557) Poetical Character of Akerside, Thomson, Young, and Couper. (558 nothing else in common with him. His in gloom—it is his residence, his eledescriptions are pictures of Nature, ment; when he quits it, and attempts most accurately and strongly drawn, more cheerful and engaging pictures, but they want the glow of imagination, he fails. This forms his most striking which should raise them to a level with dissimilarity from Milton, with whom their prototypes. Nature, however faith. he has sometimes been compared; he fully copied, is not all we expect from may occasionally approach bim in the the poet, for the copies will always want terrible and the gloomy, but the poet of innumerable graces, which are to be Paradise Lost knew every chord in the found in the original; these it is the bu- instrument, and could touch them all siness of the poet to supply from the with a master's hand. Young when he abundant sources of imagination. Thom- would be tender is turgid, when he son saw the beauties of Nature, but he would be gentle is insipid. Those parts did not feel their invisible and undefioa- of his Night Thoughts which are purely ble associations. When Shakspeare didactic bave been much praised, and, paints Nature, every hill and every glen perhaps, beyond their merit; for in 100 swarms with spirits ; if he looks into a many instances the matter is commoncowslip-bell, he discovers the “delicate place, and the style declamatory. Ariel" nestling there; the hills on which The “ Task of Cowper" is the finest his eye is feasting are “heaven-kissing didactic poem in our language ;-simhills;" and even the very air which he plicity of style, energy of sentiment, and breathes "smells wooingly.” So, too, richness of imagination, are the rare chawhen Milton points out to us the beau- racteristics of this original production. ties of Nature, we perceive that “mil- His satire is of the most caustic kind; lions of spiritual creatures walk the it stops not at the little follies and imearth;" we hear voices“ sole or respon- perfections which flutter over life, and sive each to other's pote,” and the moon darken the surface, but cuts deep into appears as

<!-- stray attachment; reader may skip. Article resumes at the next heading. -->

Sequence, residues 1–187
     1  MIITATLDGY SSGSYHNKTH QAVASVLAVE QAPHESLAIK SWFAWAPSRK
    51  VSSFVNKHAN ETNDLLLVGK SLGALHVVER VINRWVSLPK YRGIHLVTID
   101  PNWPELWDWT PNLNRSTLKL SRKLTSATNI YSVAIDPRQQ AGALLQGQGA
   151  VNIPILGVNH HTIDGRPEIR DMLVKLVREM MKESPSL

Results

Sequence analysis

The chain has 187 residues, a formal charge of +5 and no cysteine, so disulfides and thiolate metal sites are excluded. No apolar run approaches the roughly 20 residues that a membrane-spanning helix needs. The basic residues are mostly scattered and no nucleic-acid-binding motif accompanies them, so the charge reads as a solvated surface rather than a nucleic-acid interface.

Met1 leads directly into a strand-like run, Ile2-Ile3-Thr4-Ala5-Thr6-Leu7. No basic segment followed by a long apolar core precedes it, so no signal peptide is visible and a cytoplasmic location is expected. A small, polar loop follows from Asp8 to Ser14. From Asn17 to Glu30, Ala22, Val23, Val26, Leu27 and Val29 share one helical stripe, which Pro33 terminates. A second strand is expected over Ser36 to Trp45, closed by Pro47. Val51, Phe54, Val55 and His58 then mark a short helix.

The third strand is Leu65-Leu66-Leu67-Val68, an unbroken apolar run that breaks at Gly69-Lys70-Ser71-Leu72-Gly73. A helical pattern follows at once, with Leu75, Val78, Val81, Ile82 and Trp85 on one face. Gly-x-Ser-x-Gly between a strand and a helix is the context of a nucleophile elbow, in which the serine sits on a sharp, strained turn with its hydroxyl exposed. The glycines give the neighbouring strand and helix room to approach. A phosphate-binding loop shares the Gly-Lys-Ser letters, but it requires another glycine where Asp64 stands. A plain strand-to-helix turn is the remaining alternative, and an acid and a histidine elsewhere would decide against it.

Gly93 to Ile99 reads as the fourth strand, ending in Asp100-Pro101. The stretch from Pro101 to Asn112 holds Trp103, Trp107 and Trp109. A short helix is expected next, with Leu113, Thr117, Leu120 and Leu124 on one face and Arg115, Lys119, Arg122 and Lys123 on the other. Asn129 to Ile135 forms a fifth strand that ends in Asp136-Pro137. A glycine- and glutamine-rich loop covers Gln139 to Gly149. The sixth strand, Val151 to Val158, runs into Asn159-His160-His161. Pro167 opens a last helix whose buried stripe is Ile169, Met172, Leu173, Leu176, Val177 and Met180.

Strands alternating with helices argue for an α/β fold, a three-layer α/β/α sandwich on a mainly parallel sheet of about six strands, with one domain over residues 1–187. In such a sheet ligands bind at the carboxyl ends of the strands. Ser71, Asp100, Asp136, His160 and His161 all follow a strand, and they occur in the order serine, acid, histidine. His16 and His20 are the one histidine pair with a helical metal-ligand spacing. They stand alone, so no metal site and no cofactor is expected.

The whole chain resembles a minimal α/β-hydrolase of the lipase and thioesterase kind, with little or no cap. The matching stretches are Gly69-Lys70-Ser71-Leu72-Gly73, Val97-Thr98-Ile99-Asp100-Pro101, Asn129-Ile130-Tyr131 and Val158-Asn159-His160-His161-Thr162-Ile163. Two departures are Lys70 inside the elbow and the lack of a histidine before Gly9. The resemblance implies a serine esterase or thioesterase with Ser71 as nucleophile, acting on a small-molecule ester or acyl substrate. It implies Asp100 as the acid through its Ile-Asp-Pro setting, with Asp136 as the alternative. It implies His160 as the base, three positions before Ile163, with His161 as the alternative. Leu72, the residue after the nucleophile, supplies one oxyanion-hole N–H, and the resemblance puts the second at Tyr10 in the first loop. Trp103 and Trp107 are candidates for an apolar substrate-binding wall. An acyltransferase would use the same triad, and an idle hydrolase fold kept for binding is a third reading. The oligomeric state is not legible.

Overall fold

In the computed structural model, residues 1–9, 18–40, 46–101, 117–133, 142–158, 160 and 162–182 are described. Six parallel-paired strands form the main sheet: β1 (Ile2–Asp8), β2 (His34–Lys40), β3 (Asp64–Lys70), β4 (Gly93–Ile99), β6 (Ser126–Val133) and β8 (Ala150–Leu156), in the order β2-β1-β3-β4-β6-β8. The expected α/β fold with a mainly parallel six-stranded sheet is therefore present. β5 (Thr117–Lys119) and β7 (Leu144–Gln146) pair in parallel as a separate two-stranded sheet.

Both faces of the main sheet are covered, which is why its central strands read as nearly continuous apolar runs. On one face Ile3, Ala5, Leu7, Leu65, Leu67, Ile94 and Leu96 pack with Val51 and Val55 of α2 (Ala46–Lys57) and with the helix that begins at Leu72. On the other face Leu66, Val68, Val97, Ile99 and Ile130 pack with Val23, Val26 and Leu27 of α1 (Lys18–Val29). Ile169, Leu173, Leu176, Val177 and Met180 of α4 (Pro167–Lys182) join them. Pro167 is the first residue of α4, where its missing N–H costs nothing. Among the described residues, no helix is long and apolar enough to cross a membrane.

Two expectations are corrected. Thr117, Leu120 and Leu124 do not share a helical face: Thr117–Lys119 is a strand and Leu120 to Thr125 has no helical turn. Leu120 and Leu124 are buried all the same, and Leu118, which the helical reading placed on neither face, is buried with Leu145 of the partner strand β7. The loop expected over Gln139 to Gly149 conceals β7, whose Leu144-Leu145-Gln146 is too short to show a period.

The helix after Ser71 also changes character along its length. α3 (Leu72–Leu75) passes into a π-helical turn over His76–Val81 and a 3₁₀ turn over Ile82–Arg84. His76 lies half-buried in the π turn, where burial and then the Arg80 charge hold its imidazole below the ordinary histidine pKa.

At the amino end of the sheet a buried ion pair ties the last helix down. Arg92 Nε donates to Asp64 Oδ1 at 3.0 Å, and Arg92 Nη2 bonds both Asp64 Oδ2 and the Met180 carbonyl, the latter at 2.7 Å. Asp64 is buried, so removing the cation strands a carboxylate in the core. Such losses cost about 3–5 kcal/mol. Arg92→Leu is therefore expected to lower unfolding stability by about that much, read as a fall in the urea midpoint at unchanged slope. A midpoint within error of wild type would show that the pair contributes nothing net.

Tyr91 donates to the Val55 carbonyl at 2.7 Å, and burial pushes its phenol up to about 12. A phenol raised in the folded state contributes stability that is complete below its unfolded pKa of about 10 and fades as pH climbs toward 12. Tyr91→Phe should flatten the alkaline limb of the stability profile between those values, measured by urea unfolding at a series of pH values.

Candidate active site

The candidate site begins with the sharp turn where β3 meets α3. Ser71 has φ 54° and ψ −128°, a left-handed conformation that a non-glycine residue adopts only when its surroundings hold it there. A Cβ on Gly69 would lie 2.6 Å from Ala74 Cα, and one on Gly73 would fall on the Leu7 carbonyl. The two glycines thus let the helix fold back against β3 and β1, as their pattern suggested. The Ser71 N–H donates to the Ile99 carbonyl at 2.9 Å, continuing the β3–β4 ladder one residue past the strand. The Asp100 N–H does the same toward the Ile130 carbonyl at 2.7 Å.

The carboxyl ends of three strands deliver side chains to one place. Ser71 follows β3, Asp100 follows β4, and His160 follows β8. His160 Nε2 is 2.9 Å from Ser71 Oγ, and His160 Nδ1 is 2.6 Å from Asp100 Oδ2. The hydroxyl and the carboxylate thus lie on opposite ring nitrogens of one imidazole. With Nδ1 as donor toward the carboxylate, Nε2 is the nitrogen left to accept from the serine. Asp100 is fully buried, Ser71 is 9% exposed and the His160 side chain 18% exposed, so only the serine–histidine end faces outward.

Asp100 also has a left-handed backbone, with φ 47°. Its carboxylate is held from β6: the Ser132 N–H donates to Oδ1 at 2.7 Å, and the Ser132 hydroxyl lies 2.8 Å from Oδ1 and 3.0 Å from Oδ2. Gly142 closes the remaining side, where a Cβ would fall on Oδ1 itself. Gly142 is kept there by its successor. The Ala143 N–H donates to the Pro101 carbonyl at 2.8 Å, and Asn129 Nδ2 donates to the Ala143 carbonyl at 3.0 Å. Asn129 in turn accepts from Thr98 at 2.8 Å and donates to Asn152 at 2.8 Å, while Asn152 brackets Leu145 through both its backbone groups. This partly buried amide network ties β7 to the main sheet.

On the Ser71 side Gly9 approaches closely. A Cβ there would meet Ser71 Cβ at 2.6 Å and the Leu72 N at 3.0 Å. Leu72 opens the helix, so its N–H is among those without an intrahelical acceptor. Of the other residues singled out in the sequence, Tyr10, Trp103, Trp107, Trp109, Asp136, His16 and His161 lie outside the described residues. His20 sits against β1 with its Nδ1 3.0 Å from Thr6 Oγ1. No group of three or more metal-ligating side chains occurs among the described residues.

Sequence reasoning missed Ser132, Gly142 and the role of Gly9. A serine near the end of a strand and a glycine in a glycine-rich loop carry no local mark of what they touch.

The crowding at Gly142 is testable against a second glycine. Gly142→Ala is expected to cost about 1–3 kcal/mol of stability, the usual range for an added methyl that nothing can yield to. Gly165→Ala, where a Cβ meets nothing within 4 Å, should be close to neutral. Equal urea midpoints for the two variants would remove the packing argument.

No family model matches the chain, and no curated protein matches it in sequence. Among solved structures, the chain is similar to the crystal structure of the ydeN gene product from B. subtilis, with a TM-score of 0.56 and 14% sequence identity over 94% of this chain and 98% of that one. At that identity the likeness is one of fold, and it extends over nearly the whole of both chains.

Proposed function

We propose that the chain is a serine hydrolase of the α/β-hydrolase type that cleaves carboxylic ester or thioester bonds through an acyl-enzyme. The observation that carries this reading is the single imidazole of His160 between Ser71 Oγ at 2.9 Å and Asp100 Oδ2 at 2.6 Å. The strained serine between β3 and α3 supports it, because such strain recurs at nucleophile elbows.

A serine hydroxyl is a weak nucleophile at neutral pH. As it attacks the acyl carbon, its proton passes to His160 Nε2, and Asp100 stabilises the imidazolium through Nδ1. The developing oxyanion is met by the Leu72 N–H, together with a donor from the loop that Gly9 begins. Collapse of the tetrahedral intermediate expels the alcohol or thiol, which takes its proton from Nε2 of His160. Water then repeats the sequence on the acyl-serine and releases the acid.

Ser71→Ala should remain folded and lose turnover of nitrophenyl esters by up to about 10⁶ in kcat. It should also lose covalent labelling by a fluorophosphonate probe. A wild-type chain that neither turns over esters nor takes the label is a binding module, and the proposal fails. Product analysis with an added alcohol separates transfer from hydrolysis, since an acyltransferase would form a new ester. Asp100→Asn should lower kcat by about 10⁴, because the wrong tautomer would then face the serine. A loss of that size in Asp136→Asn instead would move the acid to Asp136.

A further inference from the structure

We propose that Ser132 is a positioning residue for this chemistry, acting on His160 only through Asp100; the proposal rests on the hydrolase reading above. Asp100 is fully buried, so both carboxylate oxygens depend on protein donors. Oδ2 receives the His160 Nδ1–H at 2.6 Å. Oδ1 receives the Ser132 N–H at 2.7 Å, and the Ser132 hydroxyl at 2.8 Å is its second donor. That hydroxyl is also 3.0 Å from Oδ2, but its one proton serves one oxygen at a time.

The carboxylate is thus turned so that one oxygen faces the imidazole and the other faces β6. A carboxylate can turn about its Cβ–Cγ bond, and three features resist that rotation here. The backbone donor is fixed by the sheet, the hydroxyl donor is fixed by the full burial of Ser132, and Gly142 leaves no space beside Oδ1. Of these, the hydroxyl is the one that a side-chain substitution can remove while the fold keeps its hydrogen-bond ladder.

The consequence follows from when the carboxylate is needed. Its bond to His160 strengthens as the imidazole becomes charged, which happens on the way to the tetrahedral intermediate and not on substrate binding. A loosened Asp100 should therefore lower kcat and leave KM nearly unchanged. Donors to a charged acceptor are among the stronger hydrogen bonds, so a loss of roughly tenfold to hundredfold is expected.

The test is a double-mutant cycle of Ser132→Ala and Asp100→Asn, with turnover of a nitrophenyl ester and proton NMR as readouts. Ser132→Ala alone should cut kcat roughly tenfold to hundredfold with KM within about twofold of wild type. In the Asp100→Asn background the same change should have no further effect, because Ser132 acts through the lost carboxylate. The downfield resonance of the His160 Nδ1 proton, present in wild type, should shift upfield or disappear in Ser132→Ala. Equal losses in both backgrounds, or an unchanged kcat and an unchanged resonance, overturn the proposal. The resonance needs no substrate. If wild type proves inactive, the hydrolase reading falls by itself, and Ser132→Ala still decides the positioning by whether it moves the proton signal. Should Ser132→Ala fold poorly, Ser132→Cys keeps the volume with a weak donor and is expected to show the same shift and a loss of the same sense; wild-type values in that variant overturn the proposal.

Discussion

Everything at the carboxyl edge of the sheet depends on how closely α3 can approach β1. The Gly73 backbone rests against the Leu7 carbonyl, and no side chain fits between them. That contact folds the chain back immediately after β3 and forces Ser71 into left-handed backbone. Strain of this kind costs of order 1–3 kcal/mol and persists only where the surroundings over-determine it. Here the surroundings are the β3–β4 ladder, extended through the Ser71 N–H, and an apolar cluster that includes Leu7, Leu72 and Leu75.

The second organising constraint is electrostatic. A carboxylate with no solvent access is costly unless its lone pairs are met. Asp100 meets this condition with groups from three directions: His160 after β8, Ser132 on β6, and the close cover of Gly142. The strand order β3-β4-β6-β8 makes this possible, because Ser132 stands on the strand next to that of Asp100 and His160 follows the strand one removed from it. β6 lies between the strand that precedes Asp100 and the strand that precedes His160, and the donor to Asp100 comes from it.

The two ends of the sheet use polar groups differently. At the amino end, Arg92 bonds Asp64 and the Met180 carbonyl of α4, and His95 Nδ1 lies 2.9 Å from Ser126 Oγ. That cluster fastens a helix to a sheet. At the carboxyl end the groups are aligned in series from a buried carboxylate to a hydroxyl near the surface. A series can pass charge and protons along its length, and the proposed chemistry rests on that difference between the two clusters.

the root of vice, and hunts after her in "One who had been led astray